It was a great idea when I first heard about it, and like a lot of genre stories, it begins with a great, "What if?" idea.
What if the world loses all power? No phone, no lights, no motorcars…oh wait, that's Gilligan's Island, sorry about that. The show I'm actually writing about is Revolution, the latest in three billion projects JJ Abrams has in production.
The pilot, directed by Jon Favreau, has already been downloaded far and wide on the net before its September 17 network debut, and it was already marked for "Skip It" status on two Fall Preview lists. The Daily Beast wrote, "While the pilot had some gorgeous and majestic shots of desolation, there is an overabundance of Hunger Games-esque imagery, and way too much corny humor and sappy melodrama for a post-apocalyptic action show."
Vulture wrote that the show "starts with a genuinely scary prologue," but "the show goes from something you haven't seen before to something you've seen way too many times." Taking a real cheap shot, Vulture adds, "Do we really need a TV remake of Kevin Costner's The Postman?"
As TV Guide writes, "many shows have fallen victim to the three most cursed words in recent TV history: 'the next Lost.'" And Abrams's Alcatraz fell victim to that as well, and the expectations of Lost could be hanging over Revolution as well. Still, as Abrams told the New York Times, "'Why did it happen' is not the raison d'etre for the story." Abrams said producer Eric Kripke "had an answer to why this all happened, as opposed to the 'We'll figure it out later' mode, which I'm also very familiar with."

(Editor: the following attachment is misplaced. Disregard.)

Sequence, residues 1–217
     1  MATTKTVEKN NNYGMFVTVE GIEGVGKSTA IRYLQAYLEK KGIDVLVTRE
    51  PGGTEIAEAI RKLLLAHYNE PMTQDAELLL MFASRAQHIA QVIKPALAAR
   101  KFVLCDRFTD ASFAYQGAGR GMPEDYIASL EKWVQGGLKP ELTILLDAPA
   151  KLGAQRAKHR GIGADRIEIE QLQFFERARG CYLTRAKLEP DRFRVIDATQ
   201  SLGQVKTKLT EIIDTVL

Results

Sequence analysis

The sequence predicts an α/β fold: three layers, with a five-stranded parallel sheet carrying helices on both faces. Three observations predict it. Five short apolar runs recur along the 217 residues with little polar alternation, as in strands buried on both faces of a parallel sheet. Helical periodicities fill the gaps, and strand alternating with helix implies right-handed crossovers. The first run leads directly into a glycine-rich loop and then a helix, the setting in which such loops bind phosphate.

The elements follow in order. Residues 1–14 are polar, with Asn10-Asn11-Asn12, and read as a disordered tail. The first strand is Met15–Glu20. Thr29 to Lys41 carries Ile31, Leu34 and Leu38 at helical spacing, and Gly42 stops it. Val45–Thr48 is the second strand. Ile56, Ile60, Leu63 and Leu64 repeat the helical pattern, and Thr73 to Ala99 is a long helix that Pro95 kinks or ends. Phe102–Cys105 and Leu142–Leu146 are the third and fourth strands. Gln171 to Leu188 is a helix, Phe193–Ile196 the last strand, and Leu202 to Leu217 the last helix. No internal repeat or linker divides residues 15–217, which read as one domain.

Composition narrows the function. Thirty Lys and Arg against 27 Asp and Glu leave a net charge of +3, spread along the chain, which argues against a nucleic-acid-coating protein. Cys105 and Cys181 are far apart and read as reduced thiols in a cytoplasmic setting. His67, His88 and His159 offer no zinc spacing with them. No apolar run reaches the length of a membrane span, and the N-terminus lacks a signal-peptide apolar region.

Abrams also added, "The interesting thing about this series is that it's such a vast world. If it works, there are so many cool places we can go."
Of course, shows can recover after a shaky start, and two promising genre shows this year, The River and JJ's Alcatraz, were killed off before they could establish a stronger foothold. This Revolution hasn't really even gotten started yet, so it remains to be seen if it can survive, or go dark like the near future world it depicts.